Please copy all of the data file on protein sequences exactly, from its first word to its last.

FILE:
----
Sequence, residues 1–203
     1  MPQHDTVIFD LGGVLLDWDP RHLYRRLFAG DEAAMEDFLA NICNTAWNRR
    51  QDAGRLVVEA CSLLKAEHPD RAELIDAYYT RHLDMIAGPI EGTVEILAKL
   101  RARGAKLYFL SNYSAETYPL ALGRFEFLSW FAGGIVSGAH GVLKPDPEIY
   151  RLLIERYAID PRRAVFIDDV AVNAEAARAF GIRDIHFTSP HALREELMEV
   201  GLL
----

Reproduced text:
Sequence, residues 1–203
     1  MPQHDTVIFD LGGVLLDWDP RHLYRRLFAG DEAAMEDFLA NICNTAWNRR
    51  QDAGRLVVEA CSLLKAEHPD RAELIDAYYT RHLDMIAGPI EGTVEILAKL
   101  RARGAKLYFL SNYSAETYPL ALGRFEFLSW FAGGIVSGAH GVLKPDPEIY
   151  RLLIERYAID PRRAVFIDDV AVNAEAARAF GIRDIHFTSP HALREELMEV
   201  GLL